In my opinion, it's the authentic language and the camaraderie between squad mates that set this apart from just about any war film ever made. It also presents a unique brand of casual, sometimes fatalistic humor that bonds the unit together, even in the face of incredible adversity. It's something that's extremely hard to convey to a viewing audience without seeming trite, but here it hits the mark time and again.
The scale of military action by the squad is also very well portrayed. McNab apparently drilled the actors pretty well, because you can see a little bit of snap in almost every move they make.
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34 of 34 people found the following review helpful By Tiggah on July 31, 2002
Format: VHS Tape
Bravo Two Zero is a two-hour 1997 BBC film adaptation of ex-SAS Sergeant Andy McNabb's book of the same name, which documents his two-month experience behind enemy lines in Iraq during the Gulf War in 1991. McNabb was the leader of an eight-man SAS team sent disable both the Iraqi's scud missiles and their communication system. The crew, however, finds themselves with a disabled communication system of their own, and when things go terribly wrong, they have no alternative but to abort their mission and try to reach the Syrian border. In the process, the team must endure freezing temperatures, injury, separation, capture and torture.
Sean Bean (Sharpe, Extremely Dangerous, Golden Eye) gives an absolutely first-rate and extremely convincing performance as Andy McNabb. Bean worked very closely with McNabb in order really to come to grips with the man and his coping mechanisms in the face of such extreme and terrifying conditions, and I simply cannot imagine a better portrayal by Bean or anyone else. (Just as a point of interest, McNabb himself has said that he thought Bean could have done the job in real life.)
Though I am not generally speaking an aficionado of military/war films, I found this to be an interesting and eye-opening account. It is not a big-budgeted Hollywood production and therefore makes use of actual archive footage of bomber planes and soldiers in places. As a result the film may not look quite as slick in places, but don`t let that deter you. It is nonetheless extremely well done--a quality production that is consumately acted by all involved.
Recommended to fans of military/war films in particular, but also to fans of Sean Bean in general.
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45 of 47 people found the following review helpful By Bruce Kendall VINE VOICE on February 17, 2004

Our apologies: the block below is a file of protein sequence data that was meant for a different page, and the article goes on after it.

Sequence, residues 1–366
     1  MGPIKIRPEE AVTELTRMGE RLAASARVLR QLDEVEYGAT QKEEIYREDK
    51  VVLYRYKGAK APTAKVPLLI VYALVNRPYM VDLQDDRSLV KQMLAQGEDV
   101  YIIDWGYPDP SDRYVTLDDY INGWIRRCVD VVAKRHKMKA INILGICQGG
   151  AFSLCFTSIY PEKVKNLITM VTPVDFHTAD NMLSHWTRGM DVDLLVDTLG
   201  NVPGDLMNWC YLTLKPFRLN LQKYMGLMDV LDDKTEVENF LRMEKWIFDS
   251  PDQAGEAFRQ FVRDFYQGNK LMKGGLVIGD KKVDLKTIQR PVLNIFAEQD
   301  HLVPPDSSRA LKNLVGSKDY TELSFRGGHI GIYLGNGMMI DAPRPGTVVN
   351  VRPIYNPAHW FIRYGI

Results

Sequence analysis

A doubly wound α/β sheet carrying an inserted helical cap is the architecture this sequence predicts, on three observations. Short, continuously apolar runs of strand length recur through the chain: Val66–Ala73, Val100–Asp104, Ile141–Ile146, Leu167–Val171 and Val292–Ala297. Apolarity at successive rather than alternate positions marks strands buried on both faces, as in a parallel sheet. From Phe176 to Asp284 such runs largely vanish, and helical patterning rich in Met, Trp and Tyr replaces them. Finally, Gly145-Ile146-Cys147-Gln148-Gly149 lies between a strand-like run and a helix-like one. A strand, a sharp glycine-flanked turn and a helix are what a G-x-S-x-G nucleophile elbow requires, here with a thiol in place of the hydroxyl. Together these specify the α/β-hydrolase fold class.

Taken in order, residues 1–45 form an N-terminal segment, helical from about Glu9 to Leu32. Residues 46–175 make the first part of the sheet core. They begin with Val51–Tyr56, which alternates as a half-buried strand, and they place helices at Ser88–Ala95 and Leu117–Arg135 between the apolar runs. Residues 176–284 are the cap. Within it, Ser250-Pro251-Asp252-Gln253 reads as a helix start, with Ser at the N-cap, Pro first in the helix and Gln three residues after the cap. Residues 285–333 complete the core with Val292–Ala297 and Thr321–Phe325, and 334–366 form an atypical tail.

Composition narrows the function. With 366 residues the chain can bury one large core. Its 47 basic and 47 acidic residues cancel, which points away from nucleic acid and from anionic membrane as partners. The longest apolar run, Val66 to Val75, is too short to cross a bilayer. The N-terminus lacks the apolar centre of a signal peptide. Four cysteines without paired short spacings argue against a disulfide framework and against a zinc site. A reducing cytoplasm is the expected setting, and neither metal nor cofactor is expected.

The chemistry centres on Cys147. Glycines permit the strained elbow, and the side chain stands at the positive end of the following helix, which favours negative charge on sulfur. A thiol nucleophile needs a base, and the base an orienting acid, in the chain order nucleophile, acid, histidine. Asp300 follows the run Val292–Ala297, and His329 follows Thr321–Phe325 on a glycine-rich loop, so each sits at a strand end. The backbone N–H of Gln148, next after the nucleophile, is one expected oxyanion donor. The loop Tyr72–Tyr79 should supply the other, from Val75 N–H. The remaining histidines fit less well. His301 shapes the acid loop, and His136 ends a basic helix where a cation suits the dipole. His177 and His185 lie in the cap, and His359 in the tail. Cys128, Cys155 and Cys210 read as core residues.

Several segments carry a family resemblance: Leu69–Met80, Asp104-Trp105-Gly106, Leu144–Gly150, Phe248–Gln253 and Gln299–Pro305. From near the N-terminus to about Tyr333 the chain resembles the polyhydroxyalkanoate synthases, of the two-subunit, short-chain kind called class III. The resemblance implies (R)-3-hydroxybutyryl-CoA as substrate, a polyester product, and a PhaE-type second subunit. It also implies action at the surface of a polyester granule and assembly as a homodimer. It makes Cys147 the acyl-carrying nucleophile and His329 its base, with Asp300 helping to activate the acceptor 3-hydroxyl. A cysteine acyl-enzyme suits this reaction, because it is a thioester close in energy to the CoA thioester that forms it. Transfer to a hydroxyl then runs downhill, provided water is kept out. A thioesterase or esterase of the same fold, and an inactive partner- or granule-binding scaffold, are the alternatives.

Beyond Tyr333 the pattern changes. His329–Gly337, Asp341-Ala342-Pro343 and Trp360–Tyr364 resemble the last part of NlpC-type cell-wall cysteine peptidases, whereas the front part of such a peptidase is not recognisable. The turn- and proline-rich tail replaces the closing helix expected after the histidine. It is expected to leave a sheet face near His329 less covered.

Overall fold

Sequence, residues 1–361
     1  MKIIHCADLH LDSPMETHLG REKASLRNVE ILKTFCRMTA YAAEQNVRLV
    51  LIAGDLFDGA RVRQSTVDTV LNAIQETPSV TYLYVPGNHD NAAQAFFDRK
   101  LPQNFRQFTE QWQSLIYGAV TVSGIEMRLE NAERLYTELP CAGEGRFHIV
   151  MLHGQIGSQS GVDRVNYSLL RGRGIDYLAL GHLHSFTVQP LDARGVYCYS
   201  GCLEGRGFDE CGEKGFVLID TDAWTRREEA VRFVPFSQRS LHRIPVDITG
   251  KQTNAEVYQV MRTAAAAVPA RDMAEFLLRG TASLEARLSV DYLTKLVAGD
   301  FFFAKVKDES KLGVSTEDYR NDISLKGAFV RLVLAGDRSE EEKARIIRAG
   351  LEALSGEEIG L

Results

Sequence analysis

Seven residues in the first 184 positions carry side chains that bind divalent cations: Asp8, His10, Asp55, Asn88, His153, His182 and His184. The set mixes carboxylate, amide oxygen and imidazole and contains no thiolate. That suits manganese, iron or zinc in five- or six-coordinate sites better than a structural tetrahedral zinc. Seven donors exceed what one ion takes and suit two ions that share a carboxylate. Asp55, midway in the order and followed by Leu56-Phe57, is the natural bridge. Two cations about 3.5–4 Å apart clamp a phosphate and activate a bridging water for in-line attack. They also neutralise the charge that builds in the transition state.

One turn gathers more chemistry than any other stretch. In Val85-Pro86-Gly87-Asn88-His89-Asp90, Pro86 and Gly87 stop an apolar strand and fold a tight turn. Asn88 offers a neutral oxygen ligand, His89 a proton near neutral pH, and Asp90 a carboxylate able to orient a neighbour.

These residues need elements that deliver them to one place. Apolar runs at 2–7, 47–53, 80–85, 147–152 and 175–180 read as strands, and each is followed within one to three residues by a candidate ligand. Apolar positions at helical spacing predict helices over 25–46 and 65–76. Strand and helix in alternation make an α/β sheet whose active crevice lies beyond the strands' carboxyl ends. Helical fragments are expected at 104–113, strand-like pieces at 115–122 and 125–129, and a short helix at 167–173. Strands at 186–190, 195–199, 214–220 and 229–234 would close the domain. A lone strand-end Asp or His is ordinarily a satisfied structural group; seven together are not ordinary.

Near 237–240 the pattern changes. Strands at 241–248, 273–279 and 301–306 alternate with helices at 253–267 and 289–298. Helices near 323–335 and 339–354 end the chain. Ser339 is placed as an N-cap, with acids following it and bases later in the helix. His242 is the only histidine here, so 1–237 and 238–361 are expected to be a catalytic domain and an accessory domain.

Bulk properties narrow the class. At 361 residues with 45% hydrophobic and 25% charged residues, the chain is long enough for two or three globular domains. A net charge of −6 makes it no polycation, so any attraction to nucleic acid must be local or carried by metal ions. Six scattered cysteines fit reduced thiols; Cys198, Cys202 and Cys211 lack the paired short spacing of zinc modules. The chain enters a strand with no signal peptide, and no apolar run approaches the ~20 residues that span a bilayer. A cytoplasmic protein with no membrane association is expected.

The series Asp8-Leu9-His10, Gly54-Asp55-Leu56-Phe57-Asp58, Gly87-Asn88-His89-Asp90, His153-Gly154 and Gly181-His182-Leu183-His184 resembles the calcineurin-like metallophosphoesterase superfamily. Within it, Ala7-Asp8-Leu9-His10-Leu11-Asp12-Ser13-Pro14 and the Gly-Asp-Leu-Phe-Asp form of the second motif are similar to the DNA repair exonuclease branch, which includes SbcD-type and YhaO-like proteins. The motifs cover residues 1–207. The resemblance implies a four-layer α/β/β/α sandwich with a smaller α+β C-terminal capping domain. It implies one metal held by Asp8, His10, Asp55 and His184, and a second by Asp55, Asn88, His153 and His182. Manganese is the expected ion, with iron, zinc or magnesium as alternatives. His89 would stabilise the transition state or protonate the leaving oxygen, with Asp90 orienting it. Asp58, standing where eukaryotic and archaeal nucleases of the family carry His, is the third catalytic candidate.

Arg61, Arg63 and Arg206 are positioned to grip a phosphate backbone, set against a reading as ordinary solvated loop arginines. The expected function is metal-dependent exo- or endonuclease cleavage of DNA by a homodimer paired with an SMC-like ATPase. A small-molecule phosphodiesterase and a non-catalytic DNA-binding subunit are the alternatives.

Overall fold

Format: DVD
I gather that this is a well know story in The UK, yet I, for one, didn't know anything about the mission until seeing the film on Showtime recently.
It is one compelling tale, and a highly realistic treatment of modern warfare, especially as practiced by special forces units in both the British and US military. It centers on a secret SAS mission early in Desert Storm. Sgt Andy McNab's unit is helicoptered in to the middle of nowhere in Norther Iraq, with orders to reconnoiter Scud Missile sites. It is supposed to be less than a 24 hr hour quick-in/quick-out assignment. Yet from almost the time they are dropped off, they lose radio contact with command.
Then things start to really deteriorate. They find themselves exposed in what is essentially open desert, badly outgunned, and in a country extremely hostile. Eventually, after inflicting an amaziing number of casualties on their enemy, all but one of the seven man unit is either captured, or killed.
What happens to McNab and his comrades in Iraqi custody makes the Turkish prison scenes in MIDNIGHT EXPRESS look like a trip to Club Med. It's by far the most graphic, brutal depiction of prisoner interrogation I've ever seen. It really verges on over the top at times, but one is reminded that this is a true story.
I don't know where this movie was made, but it's actually rather amazing that the filmmakers could get this large a cast of middle easterners to reenact some of these war and prison scenes. Rather like the logistical problems that faced the creators of BLACK HAWK DOWN, which was filmed in Morocco. I notice on IMDB that the country of origin is South Africa, but that only confuses me more. It's a BBC production, so they usually find a way, TRAFFIK, being a good example.